By the summer, all Hartford firefighters will have heat-resistant, flame-retardant fire hoods to cover their faces and necks. It's one of the changes safety inspectors recommended after the department's first line-of-duty death in 40 years.
Without the fire hoods, Lt. Russell Cook said, "all of this is still exposed, around your face where your mask is meeting."
Hartford is the last community in Connecticut where firefighters do not all have heat-resistant hoods – but not for long.
"We're going to have them fill out evaluations as to the comfort of the hood, how it helped them, what their dislikes were," explained Interim Assistant Chief Scott Brady.
Firefighters are now testing several different brands and models of hoods for comfort and safety. Cook said it requires some changes as to how his men and women will attack fires.
"You're used to that feeling on your face, that sensation, letting you know the heat, where the fire is, and when you put this on," he said. "It's kind of taking one of those senses away from you."
State safety regulators are now requiring Hartford to outfit all its firefighters with the heat-resistant hoods.
It's one of several safety recommendations that have come out of the investigation into firefighter Kevin Bell's line-of-duty death last October. No one has claimed Bell's death was at all related to the hoods – it's just one of several directives from Conn-OSHA the NBC Connecticut Troubleshooters told you about last month.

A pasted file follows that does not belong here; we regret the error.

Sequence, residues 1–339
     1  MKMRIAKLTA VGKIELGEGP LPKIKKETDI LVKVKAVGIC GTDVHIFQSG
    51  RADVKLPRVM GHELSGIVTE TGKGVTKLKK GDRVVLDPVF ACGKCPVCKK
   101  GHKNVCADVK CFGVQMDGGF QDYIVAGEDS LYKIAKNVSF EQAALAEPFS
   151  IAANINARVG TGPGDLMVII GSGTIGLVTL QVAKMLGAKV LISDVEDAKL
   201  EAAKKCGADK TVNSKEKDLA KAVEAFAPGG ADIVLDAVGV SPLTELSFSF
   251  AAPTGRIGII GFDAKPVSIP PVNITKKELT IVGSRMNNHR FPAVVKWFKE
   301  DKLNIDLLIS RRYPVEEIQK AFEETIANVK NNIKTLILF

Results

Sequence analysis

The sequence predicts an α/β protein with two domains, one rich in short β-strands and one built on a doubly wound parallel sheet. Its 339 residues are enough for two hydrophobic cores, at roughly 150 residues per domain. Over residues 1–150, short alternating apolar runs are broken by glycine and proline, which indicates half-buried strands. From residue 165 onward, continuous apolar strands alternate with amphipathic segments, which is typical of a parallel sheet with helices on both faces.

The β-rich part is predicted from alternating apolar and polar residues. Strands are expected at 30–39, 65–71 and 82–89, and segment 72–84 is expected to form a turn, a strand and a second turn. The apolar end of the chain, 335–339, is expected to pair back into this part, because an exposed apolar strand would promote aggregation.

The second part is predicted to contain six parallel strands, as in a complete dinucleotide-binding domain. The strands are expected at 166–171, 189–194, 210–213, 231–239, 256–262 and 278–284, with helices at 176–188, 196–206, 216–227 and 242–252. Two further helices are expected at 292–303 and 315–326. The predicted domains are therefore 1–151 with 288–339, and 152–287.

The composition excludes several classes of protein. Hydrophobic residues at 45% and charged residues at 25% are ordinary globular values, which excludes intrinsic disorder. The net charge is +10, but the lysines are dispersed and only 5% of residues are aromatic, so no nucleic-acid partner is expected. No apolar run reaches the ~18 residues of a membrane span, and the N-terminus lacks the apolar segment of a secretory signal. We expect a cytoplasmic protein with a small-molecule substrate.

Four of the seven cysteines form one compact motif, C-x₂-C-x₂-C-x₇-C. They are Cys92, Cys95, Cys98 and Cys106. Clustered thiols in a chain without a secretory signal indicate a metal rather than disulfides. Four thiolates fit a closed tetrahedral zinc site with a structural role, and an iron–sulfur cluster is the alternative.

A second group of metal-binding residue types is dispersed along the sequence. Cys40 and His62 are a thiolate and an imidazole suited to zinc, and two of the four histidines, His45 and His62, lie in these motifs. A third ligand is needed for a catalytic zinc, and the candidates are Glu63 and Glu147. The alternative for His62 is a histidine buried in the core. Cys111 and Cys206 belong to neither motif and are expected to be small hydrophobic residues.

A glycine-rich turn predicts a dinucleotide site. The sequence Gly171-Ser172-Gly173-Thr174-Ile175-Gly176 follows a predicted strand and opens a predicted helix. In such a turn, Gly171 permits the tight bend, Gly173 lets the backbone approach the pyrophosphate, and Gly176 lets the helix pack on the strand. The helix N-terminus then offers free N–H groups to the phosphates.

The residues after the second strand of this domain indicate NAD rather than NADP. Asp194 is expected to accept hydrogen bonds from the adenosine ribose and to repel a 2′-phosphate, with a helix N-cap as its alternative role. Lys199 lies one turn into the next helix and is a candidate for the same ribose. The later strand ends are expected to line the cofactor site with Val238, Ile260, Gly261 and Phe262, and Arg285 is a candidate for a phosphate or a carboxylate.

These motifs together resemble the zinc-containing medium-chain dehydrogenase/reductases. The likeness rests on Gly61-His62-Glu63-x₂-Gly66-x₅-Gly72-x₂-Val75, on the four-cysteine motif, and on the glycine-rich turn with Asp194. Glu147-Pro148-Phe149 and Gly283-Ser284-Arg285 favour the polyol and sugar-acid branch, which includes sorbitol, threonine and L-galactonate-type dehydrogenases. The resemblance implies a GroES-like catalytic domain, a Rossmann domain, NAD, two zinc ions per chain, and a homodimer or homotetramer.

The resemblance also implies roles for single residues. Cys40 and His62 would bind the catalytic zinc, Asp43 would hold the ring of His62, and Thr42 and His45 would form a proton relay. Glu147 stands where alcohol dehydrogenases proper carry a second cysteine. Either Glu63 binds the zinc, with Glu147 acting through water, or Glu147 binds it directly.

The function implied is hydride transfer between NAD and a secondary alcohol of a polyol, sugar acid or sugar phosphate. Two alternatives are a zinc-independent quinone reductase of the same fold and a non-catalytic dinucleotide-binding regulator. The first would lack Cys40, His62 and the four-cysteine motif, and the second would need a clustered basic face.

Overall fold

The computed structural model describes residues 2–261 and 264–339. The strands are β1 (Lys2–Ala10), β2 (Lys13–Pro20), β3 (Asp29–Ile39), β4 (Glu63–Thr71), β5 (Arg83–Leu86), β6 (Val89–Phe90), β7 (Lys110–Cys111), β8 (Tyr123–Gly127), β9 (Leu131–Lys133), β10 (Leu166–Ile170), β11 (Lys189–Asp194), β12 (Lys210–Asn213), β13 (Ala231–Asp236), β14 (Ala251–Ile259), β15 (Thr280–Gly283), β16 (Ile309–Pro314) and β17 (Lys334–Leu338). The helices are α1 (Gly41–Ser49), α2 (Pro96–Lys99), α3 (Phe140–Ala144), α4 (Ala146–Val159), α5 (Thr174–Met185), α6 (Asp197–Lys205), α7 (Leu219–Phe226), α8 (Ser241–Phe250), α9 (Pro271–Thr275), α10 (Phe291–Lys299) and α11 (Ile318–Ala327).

"It doesn't solve the problem, you can still get burned with the hood, we did have a member wearing the hood at the blue hills fire that did receive burns," Brady said.
Two other updates on the fallout from Bell's death: The fire department says multiple state and local investigations usually take anywhere from seven months to a year, so some of the results could come out soon.
And the fate of Deputy Fire Chief Dan Nolan remains unclear. He's on administrative leave after making critical comments at a recent fire department review panel connected to the matter.